Jobless Michigan Teens Can Thank the Minimum Wage Hike
Author: Michael Saltsman
Publication Date: July 2010
Newspaper: Detroit News
Topics: Minimum Wage
Teens have it pretty tough these days. From bullies and standardized tests to peer pressure and Facebook fights, modernity is adding stress to every aspect of the lives of young adults.
This summer, you can add the death of the entry-level job to that list of woes. Young adults are facing unprecedented unemployment rates — and the figures for dropouts and minorities are even more staggering.
No matter how you slice it, the numbers are bad. The unemployment rate for Michigan teens is averaging over 26 percent — more than one in four are looking for work and unable to find it.
Vulnerable groups like high school dropouts and minorities have been hit especially hard. Dropouts between the age of 16 and 24 were dealing with 33 percent unemployment in April. African-American dropouts in the same age group suffered an eye-popping 60 percent unemployment.
Though economic prospects have never been particularly rosy for those lacking a high school education, these numbers have skyrocketed since April 2007, up from 20 percent and 37.8 percent, respectively. So why the huge spike in joblessness?
The “Great Recession” certainly hasn’t done anyone any favors. But something else happened between 2007 and 2009: a 40 percent increase in the federal minimum wage.
The job-killing nature of minimum wage hikes is well understood. Indeed, it has been documented since the establishment of the very first minimum wage: the administrator of the Wage and Hour division of FDR’s Labor Department wrote that “there have been reports that workers who had been receiving less than [the minimum wage] had been laid off.”
The unskilled workers that proponents of higher wages claim to be helping are especially hard hit: University of California-Irvine’s David Neumark has found that a 10 percent increase in the minimum wage correlates to a nearly four percent decrease in employment for black and Hispanic 16- to 24-year-olds.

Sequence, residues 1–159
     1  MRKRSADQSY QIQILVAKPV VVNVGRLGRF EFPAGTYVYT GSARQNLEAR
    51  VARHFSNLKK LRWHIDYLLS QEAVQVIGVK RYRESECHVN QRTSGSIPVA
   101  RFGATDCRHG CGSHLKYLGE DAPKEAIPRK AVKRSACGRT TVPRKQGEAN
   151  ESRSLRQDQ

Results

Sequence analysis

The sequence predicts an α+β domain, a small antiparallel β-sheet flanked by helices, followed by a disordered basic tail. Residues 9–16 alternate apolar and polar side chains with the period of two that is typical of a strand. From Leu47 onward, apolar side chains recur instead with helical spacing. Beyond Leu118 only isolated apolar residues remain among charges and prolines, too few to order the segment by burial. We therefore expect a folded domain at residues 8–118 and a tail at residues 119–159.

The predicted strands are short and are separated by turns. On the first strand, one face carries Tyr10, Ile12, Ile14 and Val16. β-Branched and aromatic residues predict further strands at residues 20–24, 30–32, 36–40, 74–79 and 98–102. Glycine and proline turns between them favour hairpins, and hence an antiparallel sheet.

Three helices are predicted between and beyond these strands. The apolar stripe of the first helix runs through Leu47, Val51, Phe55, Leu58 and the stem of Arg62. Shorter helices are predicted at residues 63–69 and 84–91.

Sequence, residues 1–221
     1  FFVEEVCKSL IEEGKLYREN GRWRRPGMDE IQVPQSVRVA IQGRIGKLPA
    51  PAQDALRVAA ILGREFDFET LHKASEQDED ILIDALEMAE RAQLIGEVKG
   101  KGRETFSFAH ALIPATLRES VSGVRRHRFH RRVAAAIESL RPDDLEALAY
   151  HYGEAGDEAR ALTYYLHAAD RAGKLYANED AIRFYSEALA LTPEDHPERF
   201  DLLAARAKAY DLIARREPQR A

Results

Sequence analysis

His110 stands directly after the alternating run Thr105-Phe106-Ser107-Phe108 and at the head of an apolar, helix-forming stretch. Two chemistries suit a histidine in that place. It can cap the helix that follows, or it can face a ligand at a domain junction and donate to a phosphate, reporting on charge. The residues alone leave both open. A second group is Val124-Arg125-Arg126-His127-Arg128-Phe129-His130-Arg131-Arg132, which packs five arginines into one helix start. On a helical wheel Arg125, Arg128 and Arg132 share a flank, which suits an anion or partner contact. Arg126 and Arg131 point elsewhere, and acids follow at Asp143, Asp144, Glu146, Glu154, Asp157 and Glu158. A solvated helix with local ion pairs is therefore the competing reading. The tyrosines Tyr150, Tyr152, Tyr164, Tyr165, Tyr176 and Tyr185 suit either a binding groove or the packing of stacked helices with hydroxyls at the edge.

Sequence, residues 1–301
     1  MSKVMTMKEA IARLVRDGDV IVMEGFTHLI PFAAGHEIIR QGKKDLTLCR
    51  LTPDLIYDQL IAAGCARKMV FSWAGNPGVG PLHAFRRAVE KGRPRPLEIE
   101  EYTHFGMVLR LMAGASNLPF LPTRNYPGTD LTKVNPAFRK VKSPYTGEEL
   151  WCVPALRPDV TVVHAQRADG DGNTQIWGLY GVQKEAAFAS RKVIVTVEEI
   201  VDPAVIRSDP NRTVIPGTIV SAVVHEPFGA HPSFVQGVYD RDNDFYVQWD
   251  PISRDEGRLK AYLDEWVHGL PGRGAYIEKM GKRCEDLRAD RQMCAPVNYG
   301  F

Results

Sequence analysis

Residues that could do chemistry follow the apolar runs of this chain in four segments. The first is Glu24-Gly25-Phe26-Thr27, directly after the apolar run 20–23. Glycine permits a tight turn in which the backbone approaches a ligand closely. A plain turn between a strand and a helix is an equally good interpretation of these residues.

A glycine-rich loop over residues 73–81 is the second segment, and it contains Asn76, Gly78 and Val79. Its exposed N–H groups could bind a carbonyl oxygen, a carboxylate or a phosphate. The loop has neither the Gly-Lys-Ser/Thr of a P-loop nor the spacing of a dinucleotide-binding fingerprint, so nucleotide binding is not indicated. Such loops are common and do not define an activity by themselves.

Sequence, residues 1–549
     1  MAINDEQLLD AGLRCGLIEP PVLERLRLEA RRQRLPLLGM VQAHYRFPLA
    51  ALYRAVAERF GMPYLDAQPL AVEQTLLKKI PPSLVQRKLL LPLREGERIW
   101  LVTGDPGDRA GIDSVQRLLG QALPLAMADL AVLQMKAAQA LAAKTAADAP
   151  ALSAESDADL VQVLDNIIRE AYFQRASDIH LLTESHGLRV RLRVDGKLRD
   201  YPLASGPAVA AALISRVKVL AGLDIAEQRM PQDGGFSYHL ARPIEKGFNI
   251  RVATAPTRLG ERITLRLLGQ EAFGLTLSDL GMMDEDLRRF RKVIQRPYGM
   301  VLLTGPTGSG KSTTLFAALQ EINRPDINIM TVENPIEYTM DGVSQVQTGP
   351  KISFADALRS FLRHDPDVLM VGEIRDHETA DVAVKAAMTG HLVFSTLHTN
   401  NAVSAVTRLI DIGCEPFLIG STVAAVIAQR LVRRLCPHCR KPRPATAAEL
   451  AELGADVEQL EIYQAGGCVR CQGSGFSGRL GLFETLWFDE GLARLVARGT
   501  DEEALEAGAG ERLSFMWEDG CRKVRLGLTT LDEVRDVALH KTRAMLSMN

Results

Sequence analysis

As business owners tried to explain before the minimum wage hikes went into effect, higher wages make it too expensive to hire and train young, inexperienced workers. The jobs they do are frequently replaced by automation, self-service, or a reduction in service quality, e.g., longer lines for service.
Do you wonder why you pump your own gas, bus your own tray at Burger King, and are now starting to bag your own groceries at the supermarket? Consumers are constantly trading price for convenience. Jack up the price too high for some jobs and employers will find a way to keep price stable by rethinking how to deliver a product or service with fewer employees.
Unfortunately, the hardest hit are those who most need the jobs being eliminated. Low-wage jobs are where teenagers and high school dropouts learn the skills needed to advance in their careers. They’re an entry point for people to acquire a skill set and learn the “invisible curriculum” unavailable in the classroom: little things like showing up to work on time, learning to deal with customers and coworkers, and other skills those in the working world tend to not even think of as “skills.”
How can we help these young adults along in their careers? Instead of trying to implement a top down solution — Congress has suggested spending $1 billion to create 300,000 summer jobs, meaning that each new job “created” would cost more than $3,300 in taxpayer money — why not allow them to work for less than the minimum wage? Instead of being locked out of the labor market, these workers would have a chance to gain the skills needed for well-paying jobs in the future.
Michael Saltsman is the research fellow at the Employment Policies Institute, a nonprofit research organization dedicated to studying public policy issues surrounding entry-level employment.